Science Friday Reads Stephen Hawking
Digital Publication, Education
2018-07-13T06:59:00Z - 2018-08-04T06:59:00Z
Science Friday has been a trusted name in science journalism for over 25 years, bringing current and compelling science stories to an international audience of millions through public radio, podcast, video, digital, social, events, and educational programming. They're brain fun, for curious people.
This summer, Science Friday is inviting their audience to join them in a re-reading of Stephen Hawking’s popular non-fiction book A Brief History of Time. They’ll be stepping through black holes and wading through fundamental particle soup with young and diverse physicists, authors, artists, and dancers as their docents. Their hope is that the uninitiated will glimpse Hawking’s mind-bending vision of the universe and lean in.
And they want your help.
“We’re looking for artists who can help us inspire the next generation of theoretical physicists, mathematicians, and science communicators by interpreting Hawking’s vivid depictions of the universe with art.
We’ve selected some of Hawking’s most enlightening and concise analogies, explainers, and thought-experiments from A Brief History of Time. We will select and work with six artists to represent these concept-quotes with a high-contrast, simple, color-rich illustrations. Selected artists will receive $400, and their finished works will appear with the inspiring quote on sciencefriday.com and a linked credit to the artist’s portfolio website. Works will be shared and promoted to Science Friday’s social media, newsletter, educator, student, and live event audiences through August and September 2018 and will appear in a free K-12 classroom lesson plan distributed to thousands of educators nationwide for free educational use.”
The commissioned images must appeal to a general audience that includes minors, elderly, incarcerated, non-English-speaking, and laypersons, as well as science enthusiasts whose first encounter with Stephen Hawking may be with your art in a tweet on their phone.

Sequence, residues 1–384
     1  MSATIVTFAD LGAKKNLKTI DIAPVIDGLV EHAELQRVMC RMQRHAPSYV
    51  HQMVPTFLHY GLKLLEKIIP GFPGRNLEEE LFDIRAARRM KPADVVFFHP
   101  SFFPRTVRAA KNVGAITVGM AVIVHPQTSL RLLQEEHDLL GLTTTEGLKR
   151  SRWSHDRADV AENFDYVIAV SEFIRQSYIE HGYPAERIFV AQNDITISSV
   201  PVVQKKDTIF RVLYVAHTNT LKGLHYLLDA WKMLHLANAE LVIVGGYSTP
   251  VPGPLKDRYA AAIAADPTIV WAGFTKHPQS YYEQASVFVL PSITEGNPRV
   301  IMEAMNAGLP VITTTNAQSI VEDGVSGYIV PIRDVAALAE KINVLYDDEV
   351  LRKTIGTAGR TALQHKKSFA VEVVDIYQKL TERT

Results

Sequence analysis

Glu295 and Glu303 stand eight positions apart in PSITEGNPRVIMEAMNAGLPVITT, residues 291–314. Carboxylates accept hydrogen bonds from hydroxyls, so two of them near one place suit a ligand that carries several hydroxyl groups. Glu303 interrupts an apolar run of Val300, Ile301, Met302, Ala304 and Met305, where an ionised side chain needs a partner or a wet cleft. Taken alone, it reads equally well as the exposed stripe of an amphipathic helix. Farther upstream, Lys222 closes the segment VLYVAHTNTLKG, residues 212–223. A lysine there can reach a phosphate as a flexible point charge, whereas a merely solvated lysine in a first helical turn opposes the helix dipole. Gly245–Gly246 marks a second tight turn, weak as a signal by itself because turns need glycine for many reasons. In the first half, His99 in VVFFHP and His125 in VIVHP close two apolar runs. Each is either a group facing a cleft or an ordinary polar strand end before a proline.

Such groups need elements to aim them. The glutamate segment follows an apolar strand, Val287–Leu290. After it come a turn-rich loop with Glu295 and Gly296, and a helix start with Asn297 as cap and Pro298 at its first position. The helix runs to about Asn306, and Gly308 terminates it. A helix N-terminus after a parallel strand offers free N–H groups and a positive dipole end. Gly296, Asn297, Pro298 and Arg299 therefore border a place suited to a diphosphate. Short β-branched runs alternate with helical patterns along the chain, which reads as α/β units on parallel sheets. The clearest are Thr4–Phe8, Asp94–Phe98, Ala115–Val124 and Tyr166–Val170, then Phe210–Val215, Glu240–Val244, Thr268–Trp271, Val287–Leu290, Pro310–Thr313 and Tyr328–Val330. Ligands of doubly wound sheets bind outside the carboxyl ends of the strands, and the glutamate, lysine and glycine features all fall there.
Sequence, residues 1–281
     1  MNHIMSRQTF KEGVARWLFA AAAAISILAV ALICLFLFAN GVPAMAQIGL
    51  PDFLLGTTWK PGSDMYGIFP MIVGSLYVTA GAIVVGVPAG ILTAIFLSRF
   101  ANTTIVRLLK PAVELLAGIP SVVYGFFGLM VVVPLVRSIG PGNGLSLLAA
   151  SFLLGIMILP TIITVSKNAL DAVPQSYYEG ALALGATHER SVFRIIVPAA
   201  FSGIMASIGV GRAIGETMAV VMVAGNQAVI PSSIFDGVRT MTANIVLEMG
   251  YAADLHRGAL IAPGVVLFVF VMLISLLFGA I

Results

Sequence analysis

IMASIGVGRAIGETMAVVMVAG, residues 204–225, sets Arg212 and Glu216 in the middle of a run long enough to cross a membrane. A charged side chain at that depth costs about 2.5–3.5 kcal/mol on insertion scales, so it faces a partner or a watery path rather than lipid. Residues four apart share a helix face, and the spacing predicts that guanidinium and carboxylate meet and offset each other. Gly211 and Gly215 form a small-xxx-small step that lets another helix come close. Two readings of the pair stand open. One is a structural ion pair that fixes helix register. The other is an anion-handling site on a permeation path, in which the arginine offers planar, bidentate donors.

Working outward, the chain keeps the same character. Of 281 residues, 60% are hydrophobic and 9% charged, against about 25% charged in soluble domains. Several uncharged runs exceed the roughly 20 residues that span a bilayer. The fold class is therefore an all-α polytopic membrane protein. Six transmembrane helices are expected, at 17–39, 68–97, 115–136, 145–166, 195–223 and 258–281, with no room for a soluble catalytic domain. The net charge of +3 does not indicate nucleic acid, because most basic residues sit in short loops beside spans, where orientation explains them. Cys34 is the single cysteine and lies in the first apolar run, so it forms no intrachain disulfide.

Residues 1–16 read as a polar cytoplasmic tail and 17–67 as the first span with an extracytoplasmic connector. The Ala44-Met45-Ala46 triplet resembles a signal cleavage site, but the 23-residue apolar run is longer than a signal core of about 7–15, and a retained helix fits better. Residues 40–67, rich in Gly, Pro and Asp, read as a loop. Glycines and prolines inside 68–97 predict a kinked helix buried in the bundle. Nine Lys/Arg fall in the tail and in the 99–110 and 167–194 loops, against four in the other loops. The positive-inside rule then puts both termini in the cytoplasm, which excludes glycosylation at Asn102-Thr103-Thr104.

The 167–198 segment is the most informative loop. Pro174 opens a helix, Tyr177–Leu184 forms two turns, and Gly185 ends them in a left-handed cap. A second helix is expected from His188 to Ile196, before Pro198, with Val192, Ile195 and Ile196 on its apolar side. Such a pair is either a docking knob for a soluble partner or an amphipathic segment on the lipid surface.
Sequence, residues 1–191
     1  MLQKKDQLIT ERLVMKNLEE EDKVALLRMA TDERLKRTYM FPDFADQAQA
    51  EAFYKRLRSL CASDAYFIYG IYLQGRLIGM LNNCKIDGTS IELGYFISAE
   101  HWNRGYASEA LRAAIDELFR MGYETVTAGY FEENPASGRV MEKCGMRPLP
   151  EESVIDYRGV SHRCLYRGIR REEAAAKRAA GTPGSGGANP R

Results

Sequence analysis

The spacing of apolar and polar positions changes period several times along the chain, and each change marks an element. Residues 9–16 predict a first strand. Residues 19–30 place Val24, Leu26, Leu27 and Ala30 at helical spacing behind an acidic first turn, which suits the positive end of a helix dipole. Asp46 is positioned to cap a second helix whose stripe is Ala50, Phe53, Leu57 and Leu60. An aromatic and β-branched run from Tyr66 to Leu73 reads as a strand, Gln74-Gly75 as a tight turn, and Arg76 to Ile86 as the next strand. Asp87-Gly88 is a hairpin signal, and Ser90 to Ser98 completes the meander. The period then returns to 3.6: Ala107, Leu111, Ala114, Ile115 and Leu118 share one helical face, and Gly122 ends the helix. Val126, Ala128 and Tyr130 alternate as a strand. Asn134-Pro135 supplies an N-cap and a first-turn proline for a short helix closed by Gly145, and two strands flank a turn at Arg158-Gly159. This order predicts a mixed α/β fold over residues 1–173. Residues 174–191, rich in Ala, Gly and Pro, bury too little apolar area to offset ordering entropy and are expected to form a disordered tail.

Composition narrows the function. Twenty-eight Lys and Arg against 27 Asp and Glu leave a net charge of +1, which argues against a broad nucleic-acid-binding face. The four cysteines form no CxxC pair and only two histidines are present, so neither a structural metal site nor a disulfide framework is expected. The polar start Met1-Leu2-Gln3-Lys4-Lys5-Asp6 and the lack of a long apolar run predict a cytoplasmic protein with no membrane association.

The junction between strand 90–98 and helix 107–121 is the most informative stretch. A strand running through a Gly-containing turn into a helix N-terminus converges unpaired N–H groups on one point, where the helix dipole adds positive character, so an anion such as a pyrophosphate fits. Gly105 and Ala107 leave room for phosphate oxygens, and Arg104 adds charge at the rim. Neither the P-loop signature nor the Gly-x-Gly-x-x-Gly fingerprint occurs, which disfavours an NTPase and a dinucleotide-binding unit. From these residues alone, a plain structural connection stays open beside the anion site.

Sample Hawking Thought-Experiment Quote:
“Consider a pair of twins. Suppose that one twin goes to live on the top of a mountain while the other stays at sea level. The first twin would age faster than the second. Thus, if they met again, one would be older than the other. In this case, the difference in ages would be very small, but it would be much larger if one of the twins went for a long trip in a spaceship at nearly the speed of light. When he returned, he would be much younger than the one who stayed on earth...In the theory of relativity, there is no unique absolute time, but instead each individual has his own personal measure of time that depends on where he is, and how he is moving.”
How to Enter:
Click the SUBMIT button above.
- Three portfolio works that capture your approach to high-contrast, simple, color-rich illustrations and/or animations that convey a topic or concept to a general audience
- Artist statement
- Link to website or portfolio
View the Science Friday Ello profile for examples of past illustrative commissions.
Only complete submissions will be approved.
• 6 artists will be selected to create an original illustration that depicts a mind-blowing Stephen Hawking quote about the universe, space, time, gravity, black holes, etc. in their own unique style to size and resolution specs on a three-week turnaround.
• Selected artists will receive $400 and have their work appear alongside the inspiring quote and an artist’s statement on sciencefriday.com. The gallery and selected images will be promoted in Science Friday’s social media, newsletters, educational materials, and radio program.
Submissions will be reviewed by Science Friday’s editorial team & Ello curatorial teams and announced on the Artist Invite. We're excited to see your work, share it, and work together to make more science-lovers.
Illustration interpreting A Wrinkle In Time. Prompt was "Classic Book."
1454 Baker St. Apt 313
San Francisco, CA. 94115
Black holes are an interesting weight to the enormous amount of mystery that is left in space. They are a source of exci...
Vanishing landscapes are about time, space and speed. About the coming together of time in a single image.
This image ...
"Cosmic Expansion as a Landscape." 20 x 16 inches. Acrylic on canvas.
Landscapes are fundamental. Ground, sky, sun. Thin...
Stardust Gazing Back
Oil on panel, 16 x 16 inches
The illustration reflects ideas that I had when I read "A Brief History of Time" regarding the relativity of time.